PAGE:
PyDev of the Week: Mike Muller

This week we welcome Mike Müller (@pyacademy) as our PyDev of the Week. Mike is the creator of Python Academy and has been teaching Python for over 14 years. Mike has spoken at PyCon for several years and was featured on the Talk Python podcast two years ago. Let’s take a few moments to learn more about Mike!

Can you tell us a little about yourself (hobbies, education, etc):

I studied hydrology and water resources and earned a five-year degree from Dresden University of Technology, Germany. After that I went on studying for a MS in the same field at The University of Arizona, AZ, USA. Then I continued my studies of water resources and was awarded a Ph.D. from the University of Cottbus, Germany. I worked in this field in consulting and research for 11 years at a research institute and four years at a consulting office.

In my limited spare time I do some calisthenics, i.e. bodyweight training to keep fit. Pull-ups are fun. 🙂

Why did you start using Python?

I started using Python for my Ph.D. thesis. The objective of the project was to develop a comprehensive water quality model for post-mining lakes. These are large water-filled holes that remain after surface mining and often have acidic or otherwise polluted water. I had to couple multiple numerical models, one each for groundwater, a lake, and geo-hydro-chemistry.

I assessed several programming languages and eventually chose Python. It was in early 1999; version 1.5.2 just had come out. The coupling worked out really well and I finished my Ph.D. so successfully, that I even got an award for it. I open-sourced the code (, which is used by a few specialists in pit lake modeling around the world. I also teach courses about pit lake modeling with pitlakq once in a while.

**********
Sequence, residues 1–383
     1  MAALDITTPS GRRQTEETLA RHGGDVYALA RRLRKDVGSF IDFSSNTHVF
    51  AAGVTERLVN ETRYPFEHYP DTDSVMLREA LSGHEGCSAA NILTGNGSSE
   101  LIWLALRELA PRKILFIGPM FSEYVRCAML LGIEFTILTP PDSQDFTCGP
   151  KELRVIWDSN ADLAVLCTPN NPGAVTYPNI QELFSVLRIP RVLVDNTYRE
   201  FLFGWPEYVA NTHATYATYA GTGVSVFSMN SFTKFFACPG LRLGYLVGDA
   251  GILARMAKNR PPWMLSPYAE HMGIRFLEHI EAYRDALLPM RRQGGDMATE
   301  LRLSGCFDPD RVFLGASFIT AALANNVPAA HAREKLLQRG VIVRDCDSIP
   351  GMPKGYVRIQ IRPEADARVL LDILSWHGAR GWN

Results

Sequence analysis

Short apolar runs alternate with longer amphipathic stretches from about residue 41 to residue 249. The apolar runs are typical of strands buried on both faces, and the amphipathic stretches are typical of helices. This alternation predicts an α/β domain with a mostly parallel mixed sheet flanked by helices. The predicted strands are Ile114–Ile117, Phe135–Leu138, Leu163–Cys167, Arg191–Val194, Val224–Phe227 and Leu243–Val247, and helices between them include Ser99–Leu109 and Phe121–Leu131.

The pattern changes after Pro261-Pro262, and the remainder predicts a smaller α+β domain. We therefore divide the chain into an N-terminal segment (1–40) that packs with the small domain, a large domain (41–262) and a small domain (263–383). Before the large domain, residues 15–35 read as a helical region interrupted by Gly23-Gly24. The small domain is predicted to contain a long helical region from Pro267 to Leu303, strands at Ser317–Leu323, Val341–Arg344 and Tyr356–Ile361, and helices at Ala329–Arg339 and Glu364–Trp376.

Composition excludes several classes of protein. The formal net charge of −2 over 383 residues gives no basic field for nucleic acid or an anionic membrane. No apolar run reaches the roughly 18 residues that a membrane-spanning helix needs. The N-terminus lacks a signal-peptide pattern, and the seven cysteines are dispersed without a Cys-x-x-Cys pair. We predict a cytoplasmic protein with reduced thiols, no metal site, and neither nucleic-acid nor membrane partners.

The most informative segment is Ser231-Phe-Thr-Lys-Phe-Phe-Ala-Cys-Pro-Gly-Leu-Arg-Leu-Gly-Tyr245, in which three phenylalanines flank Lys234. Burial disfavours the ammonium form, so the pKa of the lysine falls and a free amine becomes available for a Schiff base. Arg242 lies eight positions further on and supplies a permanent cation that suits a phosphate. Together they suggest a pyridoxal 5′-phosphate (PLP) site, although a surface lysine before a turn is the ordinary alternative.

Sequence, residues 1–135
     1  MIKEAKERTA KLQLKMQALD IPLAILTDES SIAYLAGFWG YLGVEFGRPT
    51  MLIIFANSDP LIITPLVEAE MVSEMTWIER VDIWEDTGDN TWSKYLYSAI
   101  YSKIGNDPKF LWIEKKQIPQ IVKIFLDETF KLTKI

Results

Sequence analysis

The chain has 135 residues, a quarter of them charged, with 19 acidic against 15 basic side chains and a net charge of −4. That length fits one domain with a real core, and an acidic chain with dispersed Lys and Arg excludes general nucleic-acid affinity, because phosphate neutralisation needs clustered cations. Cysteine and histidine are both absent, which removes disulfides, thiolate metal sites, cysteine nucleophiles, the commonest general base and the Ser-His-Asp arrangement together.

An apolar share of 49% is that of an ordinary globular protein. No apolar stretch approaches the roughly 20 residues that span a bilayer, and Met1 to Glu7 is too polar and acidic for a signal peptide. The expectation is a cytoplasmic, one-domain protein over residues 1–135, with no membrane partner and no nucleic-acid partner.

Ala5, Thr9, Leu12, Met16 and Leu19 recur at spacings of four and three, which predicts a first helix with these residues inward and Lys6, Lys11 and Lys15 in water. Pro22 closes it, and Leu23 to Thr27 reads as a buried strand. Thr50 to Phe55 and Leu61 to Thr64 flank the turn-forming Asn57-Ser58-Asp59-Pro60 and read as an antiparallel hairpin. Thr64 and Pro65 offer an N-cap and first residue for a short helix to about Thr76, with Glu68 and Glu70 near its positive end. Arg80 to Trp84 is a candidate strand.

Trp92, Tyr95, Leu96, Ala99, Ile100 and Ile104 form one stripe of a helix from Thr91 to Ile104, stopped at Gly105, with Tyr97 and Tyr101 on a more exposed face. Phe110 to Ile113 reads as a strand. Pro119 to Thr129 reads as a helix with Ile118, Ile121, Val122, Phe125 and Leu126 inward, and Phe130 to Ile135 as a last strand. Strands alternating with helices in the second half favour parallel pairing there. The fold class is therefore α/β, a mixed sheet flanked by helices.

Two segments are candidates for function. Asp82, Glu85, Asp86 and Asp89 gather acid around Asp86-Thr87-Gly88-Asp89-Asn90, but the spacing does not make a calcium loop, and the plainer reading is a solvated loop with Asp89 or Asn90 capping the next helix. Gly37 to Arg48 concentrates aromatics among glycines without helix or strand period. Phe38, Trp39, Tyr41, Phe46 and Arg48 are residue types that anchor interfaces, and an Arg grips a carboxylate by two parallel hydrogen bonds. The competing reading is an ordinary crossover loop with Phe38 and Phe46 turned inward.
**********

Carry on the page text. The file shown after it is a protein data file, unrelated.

What other programming languages do you know and which is your favorite?

I started with FORTRAN, as many scientists do. I also use C and C# when required and tried to learn some Haskell. Of course Python is by far my favorite. After all, I’ve been teaching it for more than 14 years.

What projects are you working on now?

I spend most of my time teaching Python, preparing, organizing, and delivering courses, mainly in Germany and other European countries, occasionally on other continents. I still do some scientific programming and work on my pitlakq model. Currently, I am engaged in a research project, developing a new groundwater model, that allows user-specified boundary condition with a plug-in system. Of course with Python. We are still in the early stages.

Which Python libraries are your favorite (core or 3rd party)?

I spend a lot of time in Jupyter Notebooks. Lately, I started using Jupyterlab. I also use other scientific libraries such as NumPy and matplotlib. I enjoy using pylint, pytest, and openpyxl. The latter makes it easy to read and write Excel files.

How did Python Academy come about?

At the time, I had taught already lessons at a university and had given quite a few presentations. I used Python everyday and got more and more proficient in it. Then I saw a request for a Python trainer. I applied for it, got it, developed the course material, and delivered the training. This grew slowly over several years. In the beginning I only taught a few courses each year. The demand for training continuously increased so that I founded Python Academy to meet the demand.

Do you have any advice for others who would like to become trainers for a programming language?

Love what you do and get really good at it. You should literally dream in the programming language you teach. You should also enjoy digging deep into topics just because they are interesting. I think it is very important to be able to set yourself back to square one. You know all this deep magic about a language. But a student who is new to this language may be totally overwhelmed. So start from the beginning and explain even what seems obvious to you. You should not get tired of repeating yourself.

Is there anything else you’d like to say?

I am both surprised and very pleased about the success of the Open Source movement. In fact, my professional live would be totally different without it.
It feels good to contribute to this huge universe, increasing the world knowledge by a tiny bit.

Thanks for doing the interview, Mike!